GOOSE FAIR v. HAMLET

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High culture clashed with low culture – and came off worst – when Tavistock tried to have its Goosey Fair funfair running at the same time as a broadcast of Hamlet, starring Benedict Cumberbatch.
A live recording of the play, at the Barbican in London, was due to be transmitted to The Wharf in Tavistock on Thursday evening at 7 pm and the event was a sell-out.
It was the day after Goosey Fair and both Wharf management and the visitors, who streamed in from Horrabridge and all over the area, were prepared for small parking problems, with the fun fair still in place until the weekend. But somebody on the technical side of the broadcasting arrangements service may have under-estimated the interference possibilities of a dozen giant rides running off generators, filling the Wharf’s usual carpark as far as its front door, and pumping out big bass soundtrack with accompanying whistles and screams.
The Wharf managers were confident that their theatre soundproofing would cope, and up to the last minutes before curtain up, they were directing ticket-holders into the bar, which was taking orders for the interval too.
Then somebody told owner and manager Angela Court that the satellite link was not working.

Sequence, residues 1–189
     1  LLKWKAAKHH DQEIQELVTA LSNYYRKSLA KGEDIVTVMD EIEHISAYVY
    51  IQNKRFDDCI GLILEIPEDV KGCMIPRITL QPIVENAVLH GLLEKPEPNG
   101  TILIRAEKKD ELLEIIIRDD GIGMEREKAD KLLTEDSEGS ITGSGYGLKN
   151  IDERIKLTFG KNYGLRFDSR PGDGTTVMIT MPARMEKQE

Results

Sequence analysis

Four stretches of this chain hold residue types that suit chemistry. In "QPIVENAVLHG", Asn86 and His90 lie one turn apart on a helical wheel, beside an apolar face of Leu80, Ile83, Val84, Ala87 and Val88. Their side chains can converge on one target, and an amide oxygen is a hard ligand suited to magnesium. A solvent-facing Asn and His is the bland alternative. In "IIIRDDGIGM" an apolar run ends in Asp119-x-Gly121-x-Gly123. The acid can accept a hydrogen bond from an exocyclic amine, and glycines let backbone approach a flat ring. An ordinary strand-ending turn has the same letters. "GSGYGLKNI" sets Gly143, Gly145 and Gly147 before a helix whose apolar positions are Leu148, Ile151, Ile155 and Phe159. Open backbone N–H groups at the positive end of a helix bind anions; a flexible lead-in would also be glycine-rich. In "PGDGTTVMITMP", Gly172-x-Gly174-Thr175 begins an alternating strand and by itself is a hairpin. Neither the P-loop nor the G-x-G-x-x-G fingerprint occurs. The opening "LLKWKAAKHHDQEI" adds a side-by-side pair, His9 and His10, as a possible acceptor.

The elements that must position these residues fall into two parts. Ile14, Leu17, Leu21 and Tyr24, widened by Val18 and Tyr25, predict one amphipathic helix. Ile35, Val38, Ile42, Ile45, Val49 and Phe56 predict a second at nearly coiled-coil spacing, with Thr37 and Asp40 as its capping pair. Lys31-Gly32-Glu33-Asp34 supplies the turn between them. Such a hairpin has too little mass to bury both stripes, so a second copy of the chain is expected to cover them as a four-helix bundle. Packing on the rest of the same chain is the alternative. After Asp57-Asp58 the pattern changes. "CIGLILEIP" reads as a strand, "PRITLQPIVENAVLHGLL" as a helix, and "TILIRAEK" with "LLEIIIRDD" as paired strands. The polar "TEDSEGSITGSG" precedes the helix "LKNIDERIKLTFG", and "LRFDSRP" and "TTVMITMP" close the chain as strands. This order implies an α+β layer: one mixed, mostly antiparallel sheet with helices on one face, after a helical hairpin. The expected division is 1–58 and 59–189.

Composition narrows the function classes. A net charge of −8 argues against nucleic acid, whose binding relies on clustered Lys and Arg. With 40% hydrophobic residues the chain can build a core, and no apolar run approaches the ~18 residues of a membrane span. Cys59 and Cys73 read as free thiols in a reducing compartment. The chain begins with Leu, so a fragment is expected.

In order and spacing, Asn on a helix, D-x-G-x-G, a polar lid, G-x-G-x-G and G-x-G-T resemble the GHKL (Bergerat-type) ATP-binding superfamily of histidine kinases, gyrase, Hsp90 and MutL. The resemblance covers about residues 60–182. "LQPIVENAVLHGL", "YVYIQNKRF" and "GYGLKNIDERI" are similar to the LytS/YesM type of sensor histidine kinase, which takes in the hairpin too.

First job was to give half the night’s bar takings back in cash. Then began the long job of negotiating with all the ticket holders over whether they wanted to book another showing of Hamlet or use their tickets at another event or get a refund.
Today, the morning after, still mopping up the chaos and counting the cost, Mrs Court said: “We still don’t know why. We are looking into it. We have never had it before and we have never had a satellite event competing with the funfair before but I do not want to draw conclusions until we have been into it properly. ”
Meanwhile, Tavistock Town Council will have to weigh its Goosey Fair income against the grumbles from the literati and the Cumberbitches of West Devon.

Update 17.10.2015:
Commenting on our report, Mrs Court objected to the word “chaos”. She felt she and her staff had done well in the circumstances. She stressed again that the funfair was not yet proven as the problem – although it was shut down when her system was tested the following day and worked perfectly. And she said: “I only refunded £12.90 of bar takings, so it wasn’t that big a problem.”

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